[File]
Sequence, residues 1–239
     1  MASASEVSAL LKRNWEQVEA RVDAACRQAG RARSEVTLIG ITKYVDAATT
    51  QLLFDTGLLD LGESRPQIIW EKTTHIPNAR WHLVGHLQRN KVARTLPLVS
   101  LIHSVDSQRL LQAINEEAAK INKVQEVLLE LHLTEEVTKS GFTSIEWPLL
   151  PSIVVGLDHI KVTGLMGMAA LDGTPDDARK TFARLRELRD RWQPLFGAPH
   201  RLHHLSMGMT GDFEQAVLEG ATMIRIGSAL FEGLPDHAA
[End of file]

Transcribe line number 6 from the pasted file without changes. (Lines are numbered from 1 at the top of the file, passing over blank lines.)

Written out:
   201  RLHHLSMGMT GDFEQAVLEG ATMIRIGSAL FEGLPDHAA